#although split() will then remove them anyway..
s2=s.splitlines(True)
print s2
[' line one\n', '\tline two\t\n', 'line three ']

No one has posted these regex solutions yet.

Matching:

>>> import re
>>> p=re.compile('\\s*(.*\\S)?\\s*')

>>> m=p.match('  \t blah ')
>>> m.group(1)
'blah'

>>> m=p.match('  \tbl ah  \t ')
>>> m.group(1)
'bl ah'

>>> m=p.match('  \t  ')
>>> print m.group(1)
None

Searching (you have to handle the "only spaces" input case differently):

>>> p1=re.compile('\\S.*\\S')

>>> m=p1.search('  \tblah  \t ')
>>> m.group()
'blah'

>>> m=p1.search('  \tbl ah  \t ')
>>> m.group()
'bl ah'

>>> m=p1.search('  \t  ')
>>> m.group()
Traceback (most recent call last):
File "<stdin>", line 1, in <module>
AttributeError: 'NoneType' object has no attribute 'group'

If you use re.sub, you may remove inner whitespace, which could be undesirable.

Whitespace includes space, tabs and CRLF. So an elegant and one-liner string function we can use is translate.

' hello apple'.translate(None, ' \n\t\r')

OR if you want to be thorough

import string
' hello  apple'.translate(None, string.whitespace)
    something = "\t  please_     \t remove_  all_    \n\n\n\nwhitespaces\n\t  "

    something = "".join(something.split())

output: please_remove_all_whitespaces

  • Simple and efficient. Could use " ".join(... to keep words separated with a space. – Le Droid Oct 14 '16 at 22:54

(re.sub(' +', ' ',(my_str.replace('\n',' ')))).strip()

This will remove all the unwanted spaces and newline characters. Hope this help

import re
my_str = '   a     b \n c   '
formatted_str = (re.sub(' +', ' ',(my_str.replace('\n',' ')))).strip()

This will result :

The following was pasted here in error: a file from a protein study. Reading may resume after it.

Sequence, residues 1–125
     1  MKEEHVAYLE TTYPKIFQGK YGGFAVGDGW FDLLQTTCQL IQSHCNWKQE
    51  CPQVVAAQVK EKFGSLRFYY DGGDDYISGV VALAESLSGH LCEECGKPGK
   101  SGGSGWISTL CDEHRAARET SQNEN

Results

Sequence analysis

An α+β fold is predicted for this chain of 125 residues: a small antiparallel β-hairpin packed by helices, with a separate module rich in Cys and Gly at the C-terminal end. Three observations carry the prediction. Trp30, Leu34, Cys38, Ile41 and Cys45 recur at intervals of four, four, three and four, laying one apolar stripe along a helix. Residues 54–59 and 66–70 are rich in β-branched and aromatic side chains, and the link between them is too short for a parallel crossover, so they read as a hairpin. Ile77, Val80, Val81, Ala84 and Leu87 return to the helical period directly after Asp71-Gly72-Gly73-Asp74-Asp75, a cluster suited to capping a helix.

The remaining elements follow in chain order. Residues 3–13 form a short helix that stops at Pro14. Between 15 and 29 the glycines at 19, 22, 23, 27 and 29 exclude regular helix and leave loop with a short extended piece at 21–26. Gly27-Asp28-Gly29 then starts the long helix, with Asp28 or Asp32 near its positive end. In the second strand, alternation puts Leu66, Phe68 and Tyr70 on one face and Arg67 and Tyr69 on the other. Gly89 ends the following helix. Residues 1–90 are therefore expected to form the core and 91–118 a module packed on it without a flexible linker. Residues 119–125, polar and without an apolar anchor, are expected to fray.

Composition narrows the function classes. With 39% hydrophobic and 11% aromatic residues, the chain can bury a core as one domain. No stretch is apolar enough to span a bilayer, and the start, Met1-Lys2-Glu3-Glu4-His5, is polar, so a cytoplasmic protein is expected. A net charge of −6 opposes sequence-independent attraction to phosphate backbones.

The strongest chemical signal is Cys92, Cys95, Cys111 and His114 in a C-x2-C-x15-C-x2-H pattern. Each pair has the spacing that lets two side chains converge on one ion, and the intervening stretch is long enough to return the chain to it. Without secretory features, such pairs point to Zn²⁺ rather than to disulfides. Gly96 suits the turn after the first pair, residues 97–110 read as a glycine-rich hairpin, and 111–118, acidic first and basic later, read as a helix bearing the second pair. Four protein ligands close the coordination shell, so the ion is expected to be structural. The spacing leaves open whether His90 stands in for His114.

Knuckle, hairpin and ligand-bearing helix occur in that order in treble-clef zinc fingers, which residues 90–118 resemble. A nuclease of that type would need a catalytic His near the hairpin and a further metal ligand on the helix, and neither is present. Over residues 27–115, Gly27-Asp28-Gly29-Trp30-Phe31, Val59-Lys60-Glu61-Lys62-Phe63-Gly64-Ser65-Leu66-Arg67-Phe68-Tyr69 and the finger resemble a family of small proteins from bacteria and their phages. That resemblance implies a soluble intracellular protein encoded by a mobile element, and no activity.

' a      b \n c ' will be changed to 'a b c'

try translate

>>> import string
>>> print '\t\r\n  hello \r\n world \t\r\n'

  hello 
 world  
>>> tr = string.maketrans(string.whitespace, ' '*len(string.whitespace))
>>> '\t\r\n  hello \r\n world \t\r\n'.translate(tr)
'     hello    world    '
>>> '\t\r\n  hello \r\n world \t\r\n'.translate(tr).replace(' ', '')
'helloworld'

If using Python 3: In your print statement, finish with sep="". That will separate out all of the spaces.

EXAMPLE:

txt="potatoes"
print("I love ",txt,"",sep="")

This will print: I love potatoes.

Instead of: I love potatoes .

In your case, since you would be trying to get ride of the \t, do sep="\t"

Generally, I am using the following method:

>>> myStr = "Hi\n Stack Over \r flow!"
>>> charList = [u"\u005Cn",u"\u005Cr",u"\u005Ct"]
>>> import re
>>> for i in charList:
        myStr = re.sub(i, r"", myStr)

>>> myStr
'Hi Stack Over  flow'

Note: This is only for removing "\n", "\r" and "\t" only. It does not remove extra spaces.

for removing whitespaces from the middle of the string

$p = "ATGCGAC ACGATCGACC";
$p =~ s/\s//g;
print $p;

output: ATGCGACACGATCGACC

This will remove all whitespace and newlines from both the beginning and end of a string:

>>> s = "  \n\t  \n   some \n text \n     "
>>> re.sub("^\s+|\s+$", "", s)
>>> "some \n text"
  • 8
    Why use a regex when s.strip() does exactly this? – Ned Batchelder Jan 14 at 14:38
  • s.strip() only handles the initial white space, but not whitespace "discovered" after removing other unwanted characters. Note that this will remove even the whitespace after the final leading \n – Rafe Jan 17 at 18:36
  • Someone down-voted this answer but didn't explain why it is flawed. Shame on you (@NedBatchelder if the down vote was you please reverse as I explained your question and you didn't mention anything actually broken with my answer) – Rafe Jan 17 at 18:37
  • 9
    Rafe, you might want to double-check: s.strip() produces precisely the same result as your regex. – Ned Batchelder Jan 17 at 21:17
  • 3
    @Rafe, you're confusing it with trim. Strip does the required operations. – iMitwe Jan 19 at 17:23